Ketchup or mustard? Coke or Pepsi? Life is full of decisions. For brands, these include whether to market on Snapchat or Instagram.

Both social-media platforms have their perks. Snapchat is known for its ability to engage users aged 18–24, who spend upwards of 25 minutes with the app every day. And according to the Pew Research Center, Instagram is now used by about 60 percent of consumers 18–29, and by 32 percent of U.S. adults overall.

These networks may cater to a similar audience, but the way in which marketers use them is often quite different. Here’s a look at how five leading brands employ both Snapchat and Instagram, and the marketing decisions that guide the creation of their social content.

National Geographic (@NatGeo)

It stands to reason that a brand known for first-rate photography would embrace two image-based social platforms. As reported by Digiday last year, NatGeo’s eight-person Snapchat team posts 10–12 pieces of digital content per day. Videos, which range from 20 to 45 seconds in length, help the brand reach and engage a young audience of consumers.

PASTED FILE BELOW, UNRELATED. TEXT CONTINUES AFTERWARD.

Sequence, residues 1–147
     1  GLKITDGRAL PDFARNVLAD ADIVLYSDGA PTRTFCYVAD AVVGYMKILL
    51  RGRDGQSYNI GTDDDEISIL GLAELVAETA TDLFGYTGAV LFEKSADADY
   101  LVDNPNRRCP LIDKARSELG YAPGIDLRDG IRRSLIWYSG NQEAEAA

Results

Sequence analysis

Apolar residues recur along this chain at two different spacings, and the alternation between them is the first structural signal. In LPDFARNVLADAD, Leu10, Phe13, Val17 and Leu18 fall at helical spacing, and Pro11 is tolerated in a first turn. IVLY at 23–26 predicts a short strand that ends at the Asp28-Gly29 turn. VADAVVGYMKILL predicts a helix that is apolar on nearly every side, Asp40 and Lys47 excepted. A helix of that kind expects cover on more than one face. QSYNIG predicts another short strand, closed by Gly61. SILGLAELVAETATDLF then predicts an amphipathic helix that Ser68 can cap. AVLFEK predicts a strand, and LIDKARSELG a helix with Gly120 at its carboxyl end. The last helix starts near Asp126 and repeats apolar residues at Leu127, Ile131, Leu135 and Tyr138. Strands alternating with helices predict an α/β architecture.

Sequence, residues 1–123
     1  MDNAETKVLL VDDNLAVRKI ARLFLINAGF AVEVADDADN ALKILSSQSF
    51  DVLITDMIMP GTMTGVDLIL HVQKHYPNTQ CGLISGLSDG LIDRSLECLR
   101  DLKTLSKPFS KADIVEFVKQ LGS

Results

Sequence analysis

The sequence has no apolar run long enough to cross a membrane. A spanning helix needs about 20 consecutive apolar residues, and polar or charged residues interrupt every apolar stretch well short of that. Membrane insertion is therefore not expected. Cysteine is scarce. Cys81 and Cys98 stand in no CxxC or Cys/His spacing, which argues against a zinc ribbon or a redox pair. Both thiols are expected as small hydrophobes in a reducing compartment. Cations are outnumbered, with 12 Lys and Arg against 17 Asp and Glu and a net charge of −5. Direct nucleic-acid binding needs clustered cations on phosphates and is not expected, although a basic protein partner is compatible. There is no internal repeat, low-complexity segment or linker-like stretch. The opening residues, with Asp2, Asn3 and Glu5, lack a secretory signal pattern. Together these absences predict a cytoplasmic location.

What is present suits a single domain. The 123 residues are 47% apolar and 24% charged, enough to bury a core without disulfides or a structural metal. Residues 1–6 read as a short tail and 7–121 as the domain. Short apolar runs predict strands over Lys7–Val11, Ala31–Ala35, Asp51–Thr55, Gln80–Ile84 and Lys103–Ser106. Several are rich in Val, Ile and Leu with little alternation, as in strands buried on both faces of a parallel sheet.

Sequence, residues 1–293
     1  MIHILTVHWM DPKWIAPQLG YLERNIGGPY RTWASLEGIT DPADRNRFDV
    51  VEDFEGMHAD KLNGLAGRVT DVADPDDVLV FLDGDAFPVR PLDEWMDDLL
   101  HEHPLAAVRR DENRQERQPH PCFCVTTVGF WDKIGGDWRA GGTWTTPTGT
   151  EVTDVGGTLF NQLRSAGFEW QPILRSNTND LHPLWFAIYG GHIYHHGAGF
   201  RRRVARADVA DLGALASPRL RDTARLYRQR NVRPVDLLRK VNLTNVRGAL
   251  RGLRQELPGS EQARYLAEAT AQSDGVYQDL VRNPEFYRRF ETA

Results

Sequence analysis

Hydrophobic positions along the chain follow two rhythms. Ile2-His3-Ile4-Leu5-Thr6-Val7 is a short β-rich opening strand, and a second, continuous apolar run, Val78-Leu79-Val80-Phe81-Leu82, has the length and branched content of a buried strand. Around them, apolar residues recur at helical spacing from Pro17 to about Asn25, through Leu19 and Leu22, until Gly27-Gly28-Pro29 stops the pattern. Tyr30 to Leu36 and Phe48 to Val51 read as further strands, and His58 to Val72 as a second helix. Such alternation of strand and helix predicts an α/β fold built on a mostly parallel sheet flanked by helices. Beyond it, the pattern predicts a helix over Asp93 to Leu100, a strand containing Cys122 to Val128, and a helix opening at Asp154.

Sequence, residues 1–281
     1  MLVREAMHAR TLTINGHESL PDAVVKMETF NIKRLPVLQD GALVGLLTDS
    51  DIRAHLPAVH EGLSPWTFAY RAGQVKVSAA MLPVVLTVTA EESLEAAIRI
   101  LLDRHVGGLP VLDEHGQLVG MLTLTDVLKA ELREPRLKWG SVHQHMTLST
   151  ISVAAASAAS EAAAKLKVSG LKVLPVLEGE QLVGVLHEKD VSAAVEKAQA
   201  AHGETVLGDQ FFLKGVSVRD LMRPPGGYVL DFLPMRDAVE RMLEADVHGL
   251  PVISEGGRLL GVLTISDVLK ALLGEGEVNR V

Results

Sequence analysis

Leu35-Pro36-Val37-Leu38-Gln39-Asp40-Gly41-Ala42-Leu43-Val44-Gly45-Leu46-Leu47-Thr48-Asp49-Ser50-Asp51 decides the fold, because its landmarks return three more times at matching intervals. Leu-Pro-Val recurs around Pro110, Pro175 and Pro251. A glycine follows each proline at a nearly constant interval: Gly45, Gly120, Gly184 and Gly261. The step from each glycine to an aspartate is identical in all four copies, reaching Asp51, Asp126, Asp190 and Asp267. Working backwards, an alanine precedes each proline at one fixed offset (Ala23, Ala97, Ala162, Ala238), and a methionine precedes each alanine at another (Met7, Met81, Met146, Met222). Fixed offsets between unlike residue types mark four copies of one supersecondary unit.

NatGeo’s Snapchat posts are designed to tell stories, addressing everything from freaky weather patterns to a “honey hunter” in the Himalayas. Some of these are pulled from National Geographic magazine. In the case of the honey hunter, NatGeo’s Snapchat story consisted of video, photographs, music, and long-form written content complete with additional visuals like an infographic of honeybees that appeared in the July 2017 issue of the magazine.

On Instagram, NatGeo mainly posts photographs, though you’ll find the occasional video, too. Most every piece of social content is accompanied by educational information or a few words that set the tone for the visual story being told. It’s the photography, however, that takes center stage.

This is a brand that appreciates what each platform has to offer, making the most of Snapchat’s multimedia capabilities and Instagram’s knack for showcasing artistic imagery. You’ll find some content overlap between the two feeds, but they still offer a unique experience that allows followers to witness the brand’s remarkable perspective of our world.

Warby Parker (@warbyparker)

As you might expect from a company that makes high-end glasses, the vast majority of Warby Parker’s posts place its products front and center. Regardless of the subject matter, though, its content is always on-brand.